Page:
Tuesday, 10 December 2019

Ceisteanna (569)

Bernard Durkan

Ceist:

569. Deputy Bernard J. Durkan asked the Minister for Children and Youth Affairs the extent to which provision is being made to combat bullying outside of school among teenagers; the extent to which bodies under her aegis of interact with school authorities in order to take early action; and if she will make a statement on the matter. [51829/19]

Amharc ar fhreagra

Freagraí scríofa (Ceist ar Children)

All of society should be concerned with child welfare and protection and it is important that concerns are dealt with as and where they arise. The primary responsibility for protecting children rests with their parents but parents are supported in this role by a range of service providers, state agencies, schools and professionals working with children and young people.

Where bullying in schools is concerned, in the first instance, the school authorities are responsible for dealing with such bullying. School management boards must have a code of behaviour and an anti-bullying policy in place. In cases of serious instances of bullying where the behaviour is regarded as possibly abusive, a referral to Tusla and/ or An Garda Síochána may need to be made.

The Children First Act 2015, which was fully commenced in December 2017, provides for a number of key child protection measures, including introducing mandatory reporting of child protection concerns by certain key professionals and requiring organisations providing relevant services to children to develop a Child Safeguarding Statement.

Under the Act, mandated persons are required to report child protection concerns at or above a defined threshold to Tusla. Mandated persons are people who have contact with children and/or families and who, because of their qualifications, training or employment role, are in a key position to help protect children from harm. The list of mandated persons includes teachers.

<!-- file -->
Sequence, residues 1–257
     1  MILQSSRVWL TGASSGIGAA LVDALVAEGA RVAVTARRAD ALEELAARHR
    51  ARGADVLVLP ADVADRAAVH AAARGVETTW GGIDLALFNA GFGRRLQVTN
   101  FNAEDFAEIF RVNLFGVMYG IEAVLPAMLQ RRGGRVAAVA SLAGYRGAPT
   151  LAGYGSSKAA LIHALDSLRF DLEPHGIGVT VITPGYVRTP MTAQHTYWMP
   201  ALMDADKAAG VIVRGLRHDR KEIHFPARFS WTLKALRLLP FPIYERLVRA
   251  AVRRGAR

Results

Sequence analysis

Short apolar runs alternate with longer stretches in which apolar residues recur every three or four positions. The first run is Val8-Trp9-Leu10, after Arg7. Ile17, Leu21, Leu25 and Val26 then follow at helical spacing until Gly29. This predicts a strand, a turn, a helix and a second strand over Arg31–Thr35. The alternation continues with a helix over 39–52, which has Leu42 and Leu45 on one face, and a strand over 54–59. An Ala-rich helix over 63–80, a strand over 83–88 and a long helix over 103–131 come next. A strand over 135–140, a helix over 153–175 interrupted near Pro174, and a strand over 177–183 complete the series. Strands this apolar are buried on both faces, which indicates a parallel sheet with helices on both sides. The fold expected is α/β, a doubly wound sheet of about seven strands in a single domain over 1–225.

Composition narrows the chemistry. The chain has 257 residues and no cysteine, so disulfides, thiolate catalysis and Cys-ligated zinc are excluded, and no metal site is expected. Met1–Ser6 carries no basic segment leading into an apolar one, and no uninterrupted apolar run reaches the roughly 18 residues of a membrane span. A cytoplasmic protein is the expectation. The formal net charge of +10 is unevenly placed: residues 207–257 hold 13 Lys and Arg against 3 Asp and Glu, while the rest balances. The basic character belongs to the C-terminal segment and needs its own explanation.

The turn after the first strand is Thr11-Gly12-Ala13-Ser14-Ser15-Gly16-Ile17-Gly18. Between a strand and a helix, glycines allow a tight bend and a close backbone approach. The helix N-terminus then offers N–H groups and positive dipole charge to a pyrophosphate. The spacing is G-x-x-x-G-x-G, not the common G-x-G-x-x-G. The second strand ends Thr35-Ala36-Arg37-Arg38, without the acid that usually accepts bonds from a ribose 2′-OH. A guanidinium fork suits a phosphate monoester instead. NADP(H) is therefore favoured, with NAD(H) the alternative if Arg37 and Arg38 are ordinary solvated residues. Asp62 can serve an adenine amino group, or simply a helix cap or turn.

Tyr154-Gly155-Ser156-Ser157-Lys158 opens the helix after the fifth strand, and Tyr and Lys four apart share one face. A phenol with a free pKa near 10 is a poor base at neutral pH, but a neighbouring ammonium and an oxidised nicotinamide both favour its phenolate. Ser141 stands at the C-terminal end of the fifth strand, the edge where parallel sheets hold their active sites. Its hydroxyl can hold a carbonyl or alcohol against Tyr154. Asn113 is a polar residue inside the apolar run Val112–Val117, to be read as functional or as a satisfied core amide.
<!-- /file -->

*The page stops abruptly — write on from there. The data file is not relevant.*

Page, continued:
The Act also places an obligation on providers of services to children to keep children safe from harm while availing of their services, to carry out a risk assessment and to prepare a Child Safeguarding Statement outlining the policies and procedures in place to manage any risks identified. The relevant services to children that attract an obligation to produce a Child Safeguarding Statement includes schools and centres of education.

There is a range of services available which can assist children and young people in coping with bullying situations for example:

www.webwise.ie - An initiative of the Department of Education and Skills – provides information on a range of internet safety issues and concerns and offers advice and support for young people, teachers and parents.

www.tacklebullying.ie - a national website to counter bullying and cyberbullying for young people, parents and teachers.

At a national and community level, youth organisations and voluntary youth services funded by my Department provide education programmes, run awareness campaigns about bullying and provide programmes for young people to give them the knowledge and skills to build supportive links and counter bullying behaviours. Specifically, my Department supports the National Youth Health Programme which is in partnership with the HSE and the National Youth Council of Ireland. The programme’s aims are to provide a broad-based, flexible health promotion / education support and training service to youth organisations and to all those working with young people in out-of school settings, and includes programmes aimed at exploring bullying and cyberbullying with young people.